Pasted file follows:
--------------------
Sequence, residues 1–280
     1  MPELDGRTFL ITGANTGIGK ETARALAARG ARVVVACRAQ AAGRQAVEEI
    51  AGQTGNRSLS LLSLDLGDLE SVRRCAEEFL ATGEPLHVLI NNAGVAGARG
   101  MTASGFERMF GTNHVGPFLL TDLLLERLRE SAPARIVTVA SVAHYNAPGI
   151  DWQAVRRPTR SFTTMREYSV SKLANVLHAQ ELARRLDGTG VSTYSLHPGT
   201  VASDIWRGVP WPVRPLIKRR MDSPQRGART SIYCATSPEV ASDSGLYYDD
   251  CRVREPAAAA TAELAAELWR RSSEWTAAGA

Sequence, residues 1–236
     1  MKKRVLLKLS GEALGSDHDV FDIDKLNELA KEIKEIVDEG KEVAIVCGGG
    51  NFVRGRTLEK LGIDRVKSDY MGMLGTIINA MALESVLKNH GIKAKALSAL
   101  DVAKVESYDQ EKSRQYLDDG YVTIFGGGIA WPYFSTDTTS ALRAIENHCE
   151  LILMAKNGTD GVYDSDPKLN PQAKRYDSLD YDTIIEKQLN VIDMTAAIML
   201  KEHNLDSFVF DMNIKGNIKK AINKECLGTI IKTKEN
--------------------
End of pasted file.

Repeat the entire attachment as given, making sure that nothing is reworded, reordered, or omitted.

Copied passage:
Sequence, residues 1–280
     1  MPELDGRTFL ITGANTGIGK ETARALAARG ARVVVACRAQ AAGRQAVEEI
    51  AGQTGNRSLS LLSLDLGDLE SVRRCAEEFL ATGEPLHVLI NNAGVAGARG
   101  MTASGFERMF GTNHVGPFLL TDLLLERLRE SAPARIVTVA SVAHYNAPGI
   151  DWQAVRRPTR SFTTMREYSV SKLANVLHAQ ELARRLDGTG VSTYSLHPGT
   201  VASDIWRGVP WPVRPLIKRR MDSPQRGART SIYCATSPEV ASDSGLYYDD
   251  CRVREPAAAA TAELAAELWR RSSEWTAAGA

Sequence, residues 1–236
     1  MKKRVLLKLS GEALGSDHDV FDIDKLNELA KEIKEIVDEG KEVAIVCGGG
    51  NFVRGRTLEK LGIDRVKSDY MGMLGTIINA MALESVLKNH GIKAKALSAL
   101  DVAKVESYDQ EKSRQYLDDG YVTIFGGGIA WPYFSTDTTS ALRAIENHCE
   151  LILMAKNGTD GVYDSDPKLN PQAKRYDSLD YDTIIEKQLN VIDMTAAIML
   201  KEHNLDSFVF DMNIKGNIKK AINKECLGTI IKTKEN